Bloc Party/Irving Plaza/March 16, 2016

Rowland Kelechukwu Okereke, also known by the mononym Kele, was born to Nigerian parents in Liverpool, England, and grew up in London. In 1998, he became friends with Russell Lissack. A year later, while studying English Literature at college in London, Okereke met Lissack again at the Reading Festival. They formed an indie-rocking quartet first called the Angel Range, then Diet and for a short time Union. In 2003, the band changed its name to Bloc Party. Bloc Party got its first break after Okereke went to a Franz Ferdinand concert in 2003 and gave a demo copy of “She’s Hearing Voices” to both lead singer Alex Kapranos and BBC Radio 1 DJ Steve Lamacq, who played the song on his radio show. Bloc Party has sold over 3 million albums worldwide. The band’s fifth studio album, Hymns, was released on January 29, 2016. Bloc Party is currently comprises vocalist/guitarist Okereke, guitarist Lissack, bassist Justin Harris and drummer Louise Bartle.

Most bands start a concert with a blazing rocker; Bloc Party launched the set at Irving Plaza with a mid-tempo flicker. “Only He Can Heal Me” offered a spiritual message backed by a throbbing synthesizer and drum beat. The second song, “Octopus,” increased the tempo, but continued the minimalistic arrangement behind Okereke’s strong vocals. Throughout the evening, Bloc Party played guitar rock that was informed by the mesmerizing impact of electronica and the out-front rhythmic repetition of house music. This repetition allowed the sometimes unorthodox chord progressions to sound embraceable, yet thoroughly indie. The band drew five songs from its newest album and 10 songs from earlier collections, plus a surprise cover of David Bowie’s “Heroes” for the first of four encores. The return of Bloc Party was ultimately a renaissance; the concert was not so much a visit to the past, but a sign that despite recent personnel changes, the band is moving forward.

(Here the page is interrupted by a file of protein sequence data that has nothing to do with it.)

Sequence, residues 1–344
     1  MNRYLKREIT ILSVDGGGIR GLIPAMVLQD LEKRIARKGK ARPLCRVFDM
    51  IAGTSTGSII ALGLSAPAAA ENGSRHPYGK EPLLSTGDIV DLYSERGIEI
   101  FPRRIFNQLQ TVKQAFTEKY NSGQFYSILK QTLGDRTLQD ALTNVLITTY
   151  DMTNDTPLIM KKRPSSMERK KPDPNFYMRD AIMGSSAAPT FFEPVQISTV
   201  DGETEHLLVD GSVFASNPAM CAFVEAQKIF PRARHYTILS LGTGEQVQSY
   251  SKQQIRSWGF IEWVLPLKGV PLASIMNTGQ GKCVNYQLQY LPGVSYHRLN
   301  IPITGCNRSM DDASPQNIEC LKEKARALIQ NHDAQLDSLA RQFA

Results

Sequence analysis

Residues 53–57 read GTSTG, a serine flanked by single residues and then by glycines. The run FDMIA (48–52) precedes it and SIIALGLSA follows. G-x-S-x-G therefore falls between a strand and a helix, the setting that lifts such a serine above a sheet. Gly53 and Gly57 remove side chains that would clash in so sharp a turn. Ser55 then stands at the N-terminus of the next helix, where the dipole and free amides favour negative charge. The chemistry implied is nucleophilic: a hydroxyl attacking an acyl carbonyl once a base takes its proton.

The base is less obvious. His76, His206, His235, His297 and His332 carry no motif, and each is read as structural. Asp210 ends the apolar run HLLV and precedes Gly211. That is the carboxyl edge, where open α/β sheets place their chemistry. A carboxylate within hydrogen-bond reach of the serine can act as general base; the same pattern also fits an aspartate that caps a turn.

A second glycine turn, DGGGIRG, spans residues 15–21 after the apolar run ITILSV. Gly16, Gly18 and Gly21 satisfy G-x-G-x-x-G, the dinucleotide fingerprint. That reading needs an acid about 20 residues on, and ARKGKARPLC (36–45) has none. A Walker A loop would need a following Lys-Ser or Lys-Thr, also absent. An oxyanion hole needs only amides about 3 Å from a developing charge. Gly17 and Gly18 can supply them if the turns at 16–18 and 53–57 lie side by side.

Megadeth/Terminal 5/March 17, 2016

Guitarist/vocalist Dave Mustaine was born in La Mesa, California, where his first band was called Panic. That venture ended quickly when the drummer and the sound man were killed in a car crash after the band’s second show. Mustaine joined Metallica as it was forming in 1981, but was fired in 1983 after several drug and alcohol-fueled incidents. Back in Los Angeles, Mustaine formed the short-lived Fallen Angels while working as a telemarketer. He started Megadeth in 1983, a pioneer band in the American thrash metal scene, becoming one of the genre’s “big four” with Metallica, Slayer and Anthrax. Megadeth has sold 50 million records worldwide, earning platinum certification in the United States for five of its 15 studio albums. Megadeth’s 15th album, Dystopia, was released on January 22, 2016. After many personnel changes, the band presently consists of vocalist/lead guitarist Mustaine, bassist David Ellefson, guitarist Kiko Loureiro and drummer Chris Adler.

Headlining the second of two consecutive nights at Terminal 5, Megadeth proved that thrash metal is far more than thrust, crunch and speed. Mustaine and company played in a rich technical style, featuring both fast and complex arrangements. These arrangements were imaginative, and in an odd way for thrash, lush, in the sense that they were dense with layers of meticulous progressions. The set consisted of five songs from the current album, but the remaining 12 songs were all from the band’s earliest collections. From the opening tune, “Hanger 18,” to closer, “Holy Wars… The Punishment Due,” Mustaine sang menacing vocals and played tornado guitar riffs. Frequent strobe lights and video shorts behind that band were unnecessary and perhaps distracting, yet fed into the stadium-quality magnitude of the concert. Headbangers and fist-pumpers in the audience got what they came for, but those who also listened carefully heard the depth and creativity of a well-executed metal concert from a veteran band.